“We realized that the challenge of stopping violence is not for women or advocates to solve alone,” continued Cates. “The goal of the Summit was to bring together a representation of all sectors of society to find common ground and bring a collaborative vision to address the issue of violence against women.”

Based on outcomes of the Summit, the Decade for Change Report focuses on four primary thematic areas: public awareness; education and training; organizing men as role models, and primary prevention focusing on ’s youth. The themes do not stand in isolation, but are interdependent in their approach to ending domestic violence. Among the many Report recommendations:

Theme One: Public Awareness

· Shift public opinion and attitudes as well as social norms that say it is okay to tolerate domestic violence to a national consensus that violence against women is unacceptable.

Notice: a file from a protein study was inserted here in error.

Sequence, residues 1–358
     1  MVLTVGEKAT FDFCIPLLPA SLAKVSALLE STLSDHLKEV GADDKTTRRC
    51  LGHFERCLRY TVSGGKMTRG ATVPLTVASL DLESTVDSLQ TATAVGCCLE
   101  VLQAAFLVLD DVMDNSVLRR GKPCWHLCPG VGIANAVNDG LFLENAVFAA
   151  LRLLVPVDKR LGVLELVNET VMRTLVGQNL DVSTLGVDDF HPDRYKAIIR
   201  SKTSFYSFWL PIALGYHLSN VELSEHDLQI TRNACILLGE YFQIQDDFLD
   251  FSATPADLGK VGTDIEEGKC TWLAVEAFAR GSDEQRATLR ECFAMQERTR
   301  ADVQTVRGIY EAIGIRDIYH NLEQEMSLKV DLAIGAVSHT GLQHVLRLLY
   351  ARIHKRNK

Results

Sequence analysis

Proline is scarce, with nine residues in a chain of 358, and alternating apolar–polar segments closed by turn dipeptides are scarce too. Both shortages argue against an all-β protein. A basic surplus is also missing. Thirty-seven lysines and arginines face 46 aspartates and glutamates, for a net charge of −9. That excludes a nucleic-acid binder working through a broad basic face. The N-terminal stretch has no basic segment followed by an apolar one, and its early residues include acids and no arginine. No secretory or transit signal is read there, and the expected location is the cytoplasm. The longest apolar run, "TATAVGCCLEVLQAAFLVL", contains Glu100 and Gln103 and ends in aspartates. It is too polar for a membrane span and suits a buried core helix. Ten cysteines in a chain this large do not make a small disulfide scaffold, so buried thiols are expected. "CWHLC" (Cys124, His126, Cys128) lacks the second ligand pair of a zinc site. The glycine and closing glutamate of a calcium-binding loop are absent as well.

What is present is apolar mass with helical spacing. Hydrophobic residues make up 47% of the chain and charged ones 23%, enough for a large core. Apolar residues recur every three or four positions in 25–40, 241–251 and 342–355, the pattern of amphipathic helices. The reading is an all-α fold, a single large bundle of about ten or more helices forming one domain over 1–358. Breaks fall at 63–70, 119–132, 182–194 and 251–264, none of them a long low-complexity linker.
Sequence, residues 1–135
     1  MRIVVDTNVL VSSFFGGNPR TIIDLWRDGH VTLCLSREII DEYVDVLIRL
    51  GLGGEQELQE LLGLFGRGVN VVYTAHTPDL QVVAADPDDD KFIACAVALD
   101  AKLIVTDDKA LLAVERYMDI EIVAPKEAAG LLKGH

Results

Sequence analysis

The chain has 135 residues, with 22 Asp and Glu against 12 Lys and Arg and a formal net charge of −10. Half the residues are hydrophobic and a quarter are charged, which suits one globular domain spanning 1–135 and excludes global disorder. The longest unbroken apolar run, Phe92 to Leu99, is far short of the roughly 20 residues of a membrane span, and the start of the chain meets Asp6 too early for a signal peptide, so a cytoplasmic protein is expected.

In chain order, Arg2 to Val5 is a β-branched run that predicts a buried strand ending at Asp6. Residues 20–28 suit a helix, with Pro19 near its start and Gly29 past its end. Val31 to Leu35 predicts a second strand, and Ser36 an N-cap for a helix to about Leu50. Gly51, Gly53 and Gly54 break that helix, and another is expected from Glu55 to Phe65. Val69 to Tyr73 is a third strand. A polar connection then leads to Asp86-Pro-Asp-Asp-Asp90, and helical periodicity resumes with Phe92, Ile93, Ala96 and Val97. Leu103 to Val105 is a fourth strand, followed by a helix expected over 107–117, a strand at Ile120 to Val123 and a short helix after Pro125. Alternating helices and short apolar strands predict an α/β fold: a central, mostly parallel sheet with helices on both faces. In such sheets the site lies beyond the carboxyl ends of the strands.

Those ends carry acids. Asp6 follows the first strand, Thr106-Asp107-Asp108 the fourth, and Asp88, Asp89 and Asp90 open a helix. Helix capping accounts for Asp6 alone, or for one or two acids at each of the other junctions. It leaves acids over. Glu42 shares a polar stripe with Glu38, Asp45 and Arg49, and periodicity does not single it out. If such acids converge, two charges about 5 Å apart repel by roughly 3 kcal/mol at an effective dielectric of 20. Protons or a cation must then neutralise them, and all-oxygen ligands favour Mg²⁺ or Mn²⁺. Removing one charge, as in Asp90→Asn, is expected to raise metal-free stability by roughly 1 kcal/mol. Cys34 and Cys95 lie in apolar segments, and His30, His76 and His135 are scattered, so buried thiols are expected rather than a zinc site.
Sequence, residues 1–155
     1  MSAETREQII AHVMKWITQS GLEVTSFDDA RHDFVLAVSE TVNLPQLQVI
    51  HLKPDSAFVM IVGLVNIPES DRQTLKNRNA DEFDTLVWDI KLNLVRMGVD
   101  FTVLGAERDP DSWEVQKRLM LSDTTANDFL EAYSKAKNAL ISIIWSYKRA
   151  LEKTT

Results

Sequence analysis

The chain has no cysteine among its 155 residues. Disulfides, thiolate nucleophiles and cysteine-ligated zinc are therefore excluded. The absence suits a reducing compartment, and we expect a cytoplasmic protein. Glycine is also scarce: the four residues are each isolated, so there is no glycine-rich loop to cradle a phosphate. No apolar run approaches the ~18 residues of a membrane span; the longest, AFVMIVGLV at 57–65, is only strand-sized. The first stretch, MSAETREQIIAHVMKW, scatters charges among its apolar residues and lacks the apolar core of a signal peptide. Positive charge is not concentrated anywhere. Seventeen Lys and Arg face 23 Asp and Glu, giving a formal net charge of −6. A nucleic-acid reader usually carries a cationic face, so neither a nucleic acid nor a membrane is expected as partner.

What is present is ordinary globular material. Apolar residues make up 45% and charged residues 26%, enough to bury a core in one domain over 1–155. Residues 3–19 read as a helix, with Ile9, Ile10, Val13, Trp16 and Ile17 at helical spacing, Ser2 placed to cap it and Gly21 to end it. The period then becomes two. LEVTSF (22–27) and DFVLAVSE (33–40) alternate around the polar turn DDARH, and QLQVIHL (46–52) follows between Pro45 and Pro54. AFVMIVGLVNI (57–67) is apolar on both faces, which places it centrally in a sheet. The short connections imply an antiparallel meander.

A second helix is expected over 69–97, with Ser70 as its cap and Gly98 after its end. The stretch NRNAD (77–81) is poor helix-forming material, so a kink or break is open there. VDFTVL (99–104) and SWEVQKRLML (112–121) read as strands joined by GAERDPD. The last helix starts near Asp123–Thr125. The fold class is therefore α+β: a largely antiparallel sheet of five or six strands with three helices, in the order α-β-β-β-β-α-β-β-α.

“Creating safe families and communities is something we should all strive to support. The Decade for Change effort creates a voice for those who need to be heard by working to eliminate domestic violence,” said Summit sponsor and panelist, Laysha Ward, vice president, community relations, Target.

Theme Two: Education and Training

· Professional education and training must be integrated into every system, both public and private, including school systems, health care settings; corporate , faith communities and the government.

· New and innovative models should be utilized. Work should be community driven, transformative and linked to certification and professional requirements as part of a universal prevention approach.

“Education can provide an understanding that mass public awareness does not,” said Summit sponsor, Jennifer Kuhn, program manager, The Allstate Foundation Domestic Violence Program. “Through targeted and consistent education, we can increase the individual capacity of family, friends, bystanders and neighbors to understand domestic violence and know how to respond and/or engage appropriate community and corporate resources.”